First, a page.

5 SEO Tips From Matt Cutts

Matt Cutts Shares 5 SEO Tips with USA Today

USA Today recently asked Google's Matt Cutts for tips to help sites rank in their search engine. Cutts offered up 5 tips plus a word of advice in implementing the tips. Here they are:

  1. Spotlight your search term on the page. If you want to be found for your keyword, make sure that term is on the page you want to rank. The term should be at the top as well as peppered throughout your copy.
  2. Fill in your "tags." The two most important tags are Title and Description becuase that is what is displayed in the search results.
  3. Get other websites to "link" back to you. This is one of the most important of the 100 factors Google considers when determining search engine rankings.
  4. Create a blog and post often. This can help you get links and generate new content.
  5. Register for free tools. Cutts recommends using the tools at google.com/webmaster, as well as creating a text-based sitemap www.xml-sitemaps.com, and adding your business to Google's Local Business center (google.com/local/add)

And that word of advice? Don't overdo it. In other words, don't stuff your pages full of keywords in order to 'cheat' your website into better rankings.

What do you think of Cutts' advice? Leave a comment!

New and Improved AdSense for Search

Improved Adsense for Search
So, I think most people know my abhorrence for the Content network. I have not had much success with it in the past and the ROI, typically, is sub-par. That being said, I know there have been improvements in the targeting, purging of click fraud, etc. since I made my last attempt at achieving Adsense 'nirvana'. That being said, I received and interesting e-mail from the Adsense Team the other day. It started out with:
We noticed that you're not currently using AdSense for search, which means you may be missing out on revenue from your pages.
Ah, yes. Google trying to convince me to spend more of my hard earned dollars! What a surprise. But the 'new features' line caught my eye so I read on:

• Site Search: We've heard that many publishers are concerned about users leaving their sites through Websearch, and so now you can choose to provide just site search. You can also host the search results on your own pages so that your users can find the information they're looking for without leaving your site.
• Improved indexing of your pages: We've recently improved our indexing technology so that you can provide a more enhanced Site Search experience for your users. AdSense for search will now index even more pages of your site, as long as we’re able to crawl them, so that your users will see more results from your site in your AdSense for search results.
• Vertical Search: You can also allow your users to search across multiple sites you select - this could be a network of sites that you own or other related sites that you think your users might find useful. If you write book reviews on your blog, for example, you can use vertical search to specify a list of online bookstores for users to search through.
• Refining searches with keywords: You can tailor your search results and ads to the content of your site, since search terms can have different meanings in different contexts. Let's say you manage a site about yoga - you can enter keywords such as 'yoga,' 'exercise,' and 'meditation' so that when a user searches for 'mat,' the search results and ads will be more related to yoga mats and less to commercial floor mats. (You can see an example of this in our video at http://www.youtube.com/watch?v=qEwxC9hrxM4 .) In our experiments, we've found that this tuning has led to an increase in earnings for publishers.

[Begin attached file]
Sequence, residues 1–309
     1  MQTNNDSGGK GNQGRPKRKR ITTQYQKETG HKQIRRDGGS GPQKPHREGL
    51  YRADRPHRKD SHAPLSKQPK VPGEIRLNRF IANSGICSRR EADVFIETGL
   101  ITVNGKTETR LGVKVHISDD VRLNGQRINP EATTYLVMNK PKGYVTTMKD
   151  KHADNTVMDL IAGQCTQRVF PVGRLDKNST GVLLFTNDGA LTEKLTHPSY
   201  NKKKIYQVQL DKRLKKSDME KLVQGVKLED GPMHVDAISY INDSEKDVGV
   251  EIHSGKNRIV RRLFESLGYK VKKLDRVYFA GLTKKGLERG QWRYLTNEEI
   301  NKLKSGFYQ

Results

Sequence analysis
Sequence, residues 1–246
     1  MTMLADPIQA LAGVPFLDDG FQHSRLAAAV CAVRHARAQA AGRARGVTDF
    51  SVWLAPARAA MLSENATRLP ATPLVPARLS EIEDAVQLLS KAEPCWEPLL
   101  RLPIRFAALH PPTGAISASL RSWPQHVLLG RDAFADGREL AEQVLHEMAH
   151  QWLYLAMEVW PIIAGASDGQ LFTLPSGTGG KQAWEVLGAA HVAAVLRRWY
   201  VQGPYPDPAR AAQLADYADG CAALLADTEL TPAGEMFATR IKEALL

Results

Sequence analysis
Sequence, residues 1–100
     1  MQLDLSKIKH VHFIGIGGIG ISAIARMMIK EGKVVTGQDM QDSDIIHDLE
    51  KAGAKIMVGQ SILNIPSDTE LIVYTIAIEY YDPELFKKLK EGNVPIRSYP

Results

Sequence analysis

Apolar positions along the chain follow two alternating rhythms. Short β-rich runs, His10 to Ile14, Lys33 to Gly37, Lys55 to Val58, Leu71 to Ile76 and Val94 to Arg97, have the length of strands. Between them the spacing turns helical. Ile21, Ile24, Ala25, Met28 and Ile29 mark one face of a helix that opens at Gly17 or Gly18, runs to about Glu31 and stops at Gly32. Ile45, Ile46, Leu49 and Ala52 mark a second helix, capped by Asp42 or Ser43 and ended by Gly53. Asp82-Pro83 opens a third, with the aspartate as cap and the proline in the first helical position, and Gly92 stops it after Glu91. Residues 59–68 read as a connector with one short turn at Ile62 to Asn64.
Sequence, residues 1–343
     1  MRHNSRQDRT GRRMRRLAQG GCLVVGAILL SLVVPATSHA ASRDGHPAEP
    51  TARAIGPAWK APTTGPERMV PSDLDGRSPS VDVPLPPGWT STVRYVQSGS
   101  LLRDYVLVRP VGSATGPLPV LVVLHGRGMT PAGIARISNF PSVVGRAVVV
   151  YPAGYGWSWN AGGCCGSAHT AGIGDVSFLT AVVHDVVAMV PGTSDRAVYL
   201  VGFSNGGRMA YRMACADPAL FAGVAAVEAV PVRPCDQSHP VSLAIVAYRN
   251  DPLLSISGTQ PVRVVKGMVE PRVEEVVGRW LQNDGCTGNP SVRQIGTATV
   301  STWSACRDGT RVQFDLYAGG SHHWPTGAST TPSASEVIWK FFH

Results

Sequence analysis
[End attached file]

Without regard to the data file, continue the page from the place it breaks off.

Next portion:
• Selecting ad location: Now, you can decide where to place your
ads on search results pages -- whether it's at the top, bottom, or right side of each page. We recommend placing ads at the top and right side of the page, as we've found this monetizes the best for publishers.

So, I am intrigued - this blows away the content network options of even a year ago! Anyone out there have any thoughts, experience, case studies, numbers, etc? Should I dive back into the content network?

PS. If you'd like to learn more about the new features available for AdSense for search, visit www.google.com/adsense/afs

Adobe Says, Flash Now SEO Friendly

I wrote a post back in January "Google can Read Flash" discussing some comments made my Matt Cutts which 'hint' at the fact Google was working with Adobe to make Flash files SEO or Search Engine friendly. Here is a quick excerpt:

In a recent interview with Stephan Spencer, Matt Cutts admits that Google is using Adobe Systems' Search Engine SDK technology to 'read' flash website content.

That fairly definite confirmation of how Google reads text within Flash files makes it possible to create Flash .swf files with some level of search engine optimization.

With the launch of a Flash-reading tool from Adobe, marketers can factor Flash into their SEO efforts, instead of compensating for the presence of Flash with extra text.

Marketing Vox released a story today discussing the development of a product that interprets Flash applications for web crawlers, making it possible to index that data for searchers. Adobe, the creators of Flash technology, released the product to Google and Yahoo.

Text and links from Flash apps will now appear in search engine results for users querying relevant keywords or phrases, just like ordinary HTML content, Adobe wrote.

Flash software is used to build interactive banners, applications, games or eye-catching graphics on a site. Google is already utilizing the Flash-indexing service; Yahoo "has some work to do," according to Adobe's VP of marketing Michele Turner.

For more information, read the SWF file format specification on Adobe